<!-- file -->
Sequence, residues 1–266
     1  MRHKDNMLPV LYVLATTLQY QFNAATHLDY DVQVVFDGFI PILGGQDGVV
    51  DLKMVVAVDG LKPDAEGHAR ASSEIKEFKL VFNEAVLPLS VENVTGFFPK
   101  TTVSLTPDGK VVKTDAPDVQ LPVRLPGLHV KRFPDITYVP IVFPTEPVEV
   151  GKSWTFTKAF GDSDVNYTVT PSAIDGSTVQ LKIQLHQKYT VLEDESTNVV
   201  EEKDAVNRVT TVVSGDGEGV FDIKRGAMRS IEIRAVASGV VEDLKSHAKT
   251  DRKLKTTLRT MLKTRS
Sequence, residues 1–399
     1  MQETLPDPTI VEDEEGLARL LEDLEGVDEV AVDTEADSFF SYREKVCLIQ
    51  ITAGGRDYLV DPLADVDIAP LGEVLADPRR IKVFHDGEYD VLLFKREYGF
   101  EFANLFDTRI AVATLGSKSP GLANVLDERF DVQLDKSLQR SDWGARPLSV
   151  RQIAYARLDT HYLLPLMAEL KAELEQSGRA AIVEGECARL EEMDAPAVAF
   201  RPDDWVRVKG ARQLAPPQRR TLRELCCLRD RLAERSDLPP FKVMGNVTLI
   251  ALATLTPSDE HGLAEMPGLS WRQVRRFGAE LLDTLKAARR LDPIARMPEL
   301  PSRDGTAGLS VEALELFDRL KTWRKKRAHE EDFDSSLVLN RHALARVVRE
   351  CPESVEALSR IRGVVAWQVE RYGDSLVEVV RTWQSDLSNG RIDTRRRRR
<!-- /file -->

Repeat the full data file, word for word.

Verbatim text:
Sequence, residues 1–266
     1  MRHKDNMLPV LYVLATTLQY QFNAATHLDY DVQVVFDGFI PILGGQDGVV
    51  DLKMVVAVDG LKPDAEGHAR ASSEIKEFKL VFNEAVLPLS VENVTGFFPK
   101  TTVSLTPDGK VVKTDAPDVQ LPVRLPGLHV KRFPDITYVP IVFPTEPVEV
   151  GKSWTFTKAF GDSDVNYTVT PSAIDGSTVQ LKIQLHQKYT VLEDESTNVV
   201  EEKDAVNRVT TVVSGDGEGV FDIKRGAMRS IEIRAVASGV VEDLKSHAKT
   251  DRKLKTTLRT MLKTRS
Sequence, residues 1–399
     1  MQETLPDPTI VEDEEGLARL LEDLEGVDEV AVDTEADSFF SYREKVCLIQ
    51  ITAGGRDYLV DPLADVDIAP LGEVLADPRR IKVFHDGEYD VLLFKREYGF
   101  EFANLFDTRI AVATLGSKSP GLANVLDERF DVQLDKSLQR SDWGARPLSV
   151  RQIAYARLDT HYLLPLMAEL KAELEQSGRA AIVEGECARL EEMDAPAVAF
   201  RPDDWVRVKG ARQLAPPQRR TLRELCCLRD RLAERSDLPP FKVMGNVTLI
   251  ALATLTPSDE HGLAEMPGLS WRQVRRFGAE LLDTLKAARR LDPIARMPEL
   301  PSRDGTAGLS VEALELFDRL KTWRKKRAHE EDFDSSLVLN RHALARVVRE
   351  CPESVEALSR IRGVVAWQVE RYGDSLVEVV RTWQSDLSNG RIDTRRRRR